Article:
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I stood there amazed as I heard these people with little to no Christian experience articulate an amazingly healthy theology of Christian community.
The problem is this. All too often we want to save ourselves, even from the very mission of God. All too easily our churches become human-centered organizations that are ill equipped for the eternal assignment of being salt and light. And should a church find itself functioning in this miserable state defined mostly by pragmatic, human-centered, strategic planning, it is in exceedingly dangerous territory.

What is the right decision for any church to consider: self-preservation or to extend the kingdom of God? If saving our lives means losing our lives, then what does it mean to save our institutions instead of seeking to expand God’s kingdom?

Spiritually healthy churches exist as a temporal tool that has the kingdom of God as its eternal goal. So when we choose to save our church instead of allowing God to use it how He pleases, our churches are reduced to sacred spaces dedicated to the dark arts of self-worship. Dead-end links on the great commission chain.

No doubt some would say that seasons of self absorbed entrenchment are necessary for long-term sustainability. But what does it say of our ecclesiology? Is the greater good the survival of the institution?

As a church do we have seasons where we walk with God building His kingdom, but from time to time we take breaks to recover?

If Jesus is the Head of the body charged with the sole task of kingdom building, isn’t He capable of sustaining His body while marching on His mission? I hope so.

This brings me back to the story that began around plates of lasagna in an Oakville community center that has since turned into a spiritual community that knows its kingdom identity.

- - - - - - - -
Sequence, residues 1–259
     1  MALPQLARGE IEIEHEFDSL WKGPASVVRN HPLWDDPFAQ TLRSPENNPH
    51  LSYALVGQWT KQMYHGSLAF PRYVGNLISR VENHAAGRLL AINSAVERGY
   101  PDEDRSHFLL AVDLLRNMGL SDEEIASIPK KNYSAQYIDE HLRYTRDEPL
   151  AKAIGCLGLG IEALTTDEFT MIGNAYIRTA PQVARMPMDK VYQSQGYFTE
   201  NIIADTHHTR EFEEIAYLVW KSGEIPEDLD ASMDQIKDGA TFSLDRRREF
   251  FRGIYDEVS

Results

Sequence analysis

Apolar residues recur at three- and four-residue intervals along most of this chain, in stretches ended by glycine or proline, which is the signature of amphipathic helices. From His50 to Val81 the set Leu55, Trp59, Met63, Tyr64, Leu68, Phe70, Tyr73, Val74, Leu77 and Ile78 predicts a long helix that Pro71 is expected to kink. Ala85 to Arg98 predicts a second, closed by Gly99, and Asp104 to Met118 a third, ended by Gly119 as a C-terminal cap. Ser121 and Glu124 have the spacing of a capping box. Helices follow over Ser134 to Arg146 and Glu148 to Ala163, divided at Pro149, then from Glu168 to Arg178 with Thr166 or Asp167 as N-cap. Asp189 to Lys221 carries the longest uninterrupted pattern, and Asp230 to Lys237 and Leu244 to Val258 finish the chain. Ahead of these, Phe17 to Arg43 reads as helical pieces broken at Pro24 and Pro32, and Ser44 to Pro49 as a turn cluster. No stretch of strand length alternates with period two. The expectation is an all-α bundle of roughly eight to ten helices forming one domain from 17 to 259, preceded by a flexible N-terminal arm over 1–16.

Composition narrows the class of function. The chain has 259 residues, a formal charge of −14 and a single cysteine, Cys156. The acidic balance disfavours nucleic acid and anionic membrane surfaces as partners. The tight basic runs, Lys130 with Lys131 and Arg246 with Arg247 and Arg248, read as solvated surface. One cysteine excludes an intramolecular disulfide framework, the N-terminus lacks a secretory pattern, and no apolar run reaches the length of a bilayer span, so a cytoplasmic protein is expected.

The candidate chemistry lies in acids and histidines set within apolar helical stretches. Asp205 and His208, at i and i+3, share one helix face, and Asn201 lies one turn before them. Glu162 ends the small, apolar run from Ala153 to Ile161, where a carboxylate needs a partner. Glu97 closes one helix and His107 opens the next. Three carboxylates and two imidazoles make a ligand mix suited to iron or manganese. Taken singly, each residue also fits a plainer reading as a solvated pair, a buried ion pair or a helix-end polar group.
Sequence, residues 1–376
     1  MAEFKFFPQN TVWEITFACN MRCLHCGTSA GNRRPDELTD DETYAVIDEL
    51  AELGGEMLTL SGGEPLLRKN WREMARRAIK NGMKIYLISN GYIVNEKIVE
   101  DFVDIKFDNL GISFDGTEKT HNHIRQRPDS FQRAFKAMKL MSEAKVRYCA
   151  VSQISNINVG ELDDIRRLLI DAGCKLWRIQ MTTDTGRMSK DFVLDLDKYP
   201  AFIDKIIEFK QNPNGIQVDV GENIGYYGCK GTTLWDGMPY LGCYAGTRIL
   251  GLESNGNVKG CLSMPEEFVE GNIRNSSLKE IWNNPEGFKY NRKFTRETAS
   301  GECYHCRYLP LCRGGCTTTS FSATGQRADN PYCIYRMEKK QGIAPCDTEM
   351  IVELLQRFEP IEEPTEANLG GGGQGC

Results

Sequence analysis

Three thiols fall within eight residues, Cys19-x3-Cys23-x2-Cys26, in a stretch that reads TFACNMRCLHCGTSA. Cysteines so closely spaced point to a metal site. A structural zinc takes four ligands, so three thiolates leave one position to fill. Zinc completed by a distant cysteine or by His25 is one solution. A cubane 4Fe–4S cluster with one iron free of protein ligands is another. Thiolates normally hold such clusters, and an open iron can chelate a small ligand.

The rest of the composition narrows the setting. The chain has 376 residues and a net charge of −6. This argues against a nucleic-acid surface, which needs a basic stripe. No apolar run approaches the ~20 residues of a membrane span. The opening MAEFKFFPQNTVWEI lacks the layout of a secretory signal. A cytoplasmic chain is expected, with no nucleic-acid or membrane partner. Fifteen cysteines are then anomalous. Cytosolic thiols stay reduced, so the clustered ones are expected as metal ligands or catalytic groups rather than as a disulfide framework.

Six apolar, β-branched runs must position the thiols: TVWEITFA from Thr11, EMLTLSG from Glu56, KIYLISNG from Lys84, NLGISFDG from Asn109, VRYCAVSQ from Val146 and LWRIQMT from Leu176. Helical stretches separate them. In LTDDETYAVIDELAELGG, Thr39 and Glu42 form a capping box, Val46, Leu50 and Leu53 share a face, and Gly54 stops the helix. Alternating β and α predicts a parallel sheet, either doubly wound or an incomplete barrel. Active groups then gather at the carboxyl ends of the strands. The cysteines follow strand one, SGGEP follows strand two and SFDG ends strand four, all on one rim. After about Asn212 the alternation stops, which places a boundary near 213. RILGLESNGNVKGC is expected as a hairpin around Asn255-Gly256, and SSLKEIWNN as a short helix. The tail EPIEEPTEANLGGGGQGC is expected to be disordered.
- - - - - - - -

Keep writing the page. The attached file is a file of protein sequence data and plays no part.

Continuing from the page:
Most recently, the church adopted a socially disadvantaged area filled with single moms and newly arrived immigrants. Our people have learned to look for the “social fault lines” of an area, and in this case it was the future of children. Many couldn’t read with any proficiency and were bound for a life of frustration and perpetual poverty.

What started as summer children’s camps has turned into year-round Children’s Theatre where kids rehearse lines to dramas and perform those dramas several times a year. This has brought the people of The Sanctuary in contact with people who would never think of attending any church. The good news had authentic relational rails to travel on.

But to get to this point, we first have to wrestle with some key questions: Is our church looking for the social fault lines where felt needs can be met through gospel activity? Is our leadership seeing these as opportunities for internal church growth or as occasions for outward expansion and reproduction according to the needs of the community? If I drew a circle around where our church is located, who in that circle would be the least predisposed to ever darken the doors of our church? How could I best bring the good news to them in a way that they would understand and receive it? What would it require of us?

If The Sanctuary had started as a church that saw its own success and growth as the highest good, we would have squarely missed the point of why Jesus originated His church. We would, in essence, have planted a self-seeking organization that saw its interests as a superior value to Jesus’ kingdom itself.

As far as I am concerned, the temporal backslapping “atta-boys” will never sound as sweet as an eternal “well done” from my King. OM

Jeff Christopherson is a Canadian church planter and NAMB’s regional vice president for Canada and the Northeast.

ON MISSION • Summer 2012 17

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